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7 Dec, 2023 22:45

White House refuses to guarantee Ukraine aid

The US Congress has yet to approve the billions in additional military and financial aid Kiev has requested
White House refuses to guarantee Ukraine aid

The Ukrainian government can’t expect additional funding from the US until it has been approved in Congress, National Security Council spokesman John Kirby warned at a White House press briefing on Thursday.

On Wednesday, the Senate failed to advance the $111 billion spending bill that would have allocated over $60 billion in aid to Kiev, even after President Joe Biden argued that this would undermine US leadership and prestige.

“We’re not in a position to make that promise to Ukraine, given where things are on the Hill,” Kirby said, answering a reporter who had asked whether the White House could offer any assurances that additional funding was coming Kiev’s way.

The US Congress has approved over $120 billion worth of aid to Kiev since the conflict with Russia escalated in February 2022. This included cash payments to keep the Ukrainian government going, as well as more than $44 billion worth of weapons, ammunition and equipment for Kiev’s military from the Pentagon’s stockpiles.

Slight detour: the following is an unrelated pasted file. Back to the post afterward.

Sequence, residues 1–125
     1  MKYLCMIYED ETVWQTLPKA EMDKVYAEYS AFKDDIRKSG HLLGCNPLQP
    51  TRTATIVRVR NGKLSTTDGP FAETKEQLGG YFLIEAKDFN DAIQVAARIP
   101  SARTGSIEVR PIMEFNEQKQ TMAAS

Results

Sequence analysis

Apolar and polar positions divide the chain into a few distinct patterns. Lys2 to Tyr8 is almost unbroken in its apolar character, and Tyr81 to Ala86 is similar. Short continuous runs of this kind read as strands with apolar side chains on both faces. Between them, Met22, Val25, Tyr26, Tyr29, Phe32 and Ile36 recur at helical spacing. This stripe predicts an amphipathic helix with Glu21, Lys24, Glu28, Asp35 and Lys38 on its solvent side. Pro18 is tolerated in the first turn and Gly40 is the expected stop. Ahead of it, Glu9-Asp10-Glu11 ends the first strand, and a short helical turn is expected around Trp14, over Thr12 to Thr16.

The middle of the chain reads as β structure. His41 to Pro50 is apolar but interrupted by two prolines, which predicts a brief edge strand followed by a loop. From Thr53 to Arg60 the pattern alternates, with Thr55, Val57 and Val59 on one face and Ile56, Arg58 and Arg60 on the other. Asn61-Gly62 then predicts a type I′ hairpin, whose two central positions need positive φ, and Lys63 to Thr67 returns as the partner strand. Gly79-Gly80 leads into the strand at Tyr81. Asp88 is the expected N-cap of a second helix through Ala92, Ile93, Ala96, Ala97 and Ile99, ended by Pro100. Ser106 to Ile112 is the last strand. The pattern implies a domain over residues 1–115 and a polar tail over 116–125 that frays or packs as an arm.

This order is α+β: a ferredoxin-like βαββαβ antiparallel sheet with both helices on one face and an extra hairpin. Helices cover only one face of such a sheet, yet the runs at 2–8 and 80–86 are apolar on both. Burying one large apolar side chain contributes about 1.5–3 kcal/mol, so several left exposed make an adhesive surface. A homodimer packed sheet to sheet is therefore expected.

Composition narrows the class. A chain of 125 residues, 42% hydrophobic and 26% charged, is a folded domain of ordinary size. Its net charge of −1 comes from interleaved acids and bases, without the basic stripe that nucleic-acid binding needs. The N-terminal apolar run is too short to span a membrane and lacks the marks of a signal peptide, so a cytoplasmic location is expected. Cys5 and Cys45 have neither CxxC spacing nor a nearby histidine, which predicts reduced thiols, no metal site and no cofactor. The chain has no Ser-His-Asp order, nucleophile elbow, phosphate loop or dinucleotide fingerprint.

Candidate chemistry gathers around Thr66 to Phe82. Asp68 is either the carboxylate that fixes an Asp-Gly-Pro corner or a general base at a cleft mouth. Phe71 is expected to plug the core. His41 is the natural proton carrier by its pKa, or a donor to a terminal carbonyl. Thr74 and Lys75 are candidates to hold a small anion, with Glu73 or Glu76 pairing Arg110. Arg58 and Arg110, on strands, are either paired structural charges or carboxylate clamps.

Biden asked for over $60 billion in additional funding in mid-October, as House Republicans fought to elect a new speaker. The White House chose to bundle that request with aid to Israel, Taiwan and the US-Mexico border. That appears to have been a mistake, however, as Republicans insisted on addressing the fact that over six million people had crossed into the US illegally since Biden took office in 2021.

Democrats called the Republican holdouts “hard right” and “extreme,” while Biden made an impassioned plea on Wednesday to not “kneecap Ukraine” amid the ongoing conflict. Biden even warned that US troops might end up fighting Russian troops on NATO territory in the event that Kiev capitulates, prompting a strong rebuke from the Kremlin.

Aside from partisan quarrelling among legislators over the allocation of funding, the Department of Defense has argued that it is running out of weaponry to pass along.

“The biggest problem that we are running up against is we don’t have enough money to backfill our own stocks, which means we don’t have enough to continue to supply Ukraine with what it needs,” the Pentagon’s deputy press secretary Sabrina Singh told reporters on Thursday. “Because it is our weapons, our capabilities, our systems being pulled off our shelves, and being shipped over to Ukraine, and if we can’t backfill that’s going to also impact our own readiness.”

Earlier in the week, the Washington Post reported on the failure of Ukraine’s summer counteroffensive, revealing that Kiev had thrown out the plan wargamed by US and British generals after only a few days of fighting in June wiped out much of its Western-supplied equipment.

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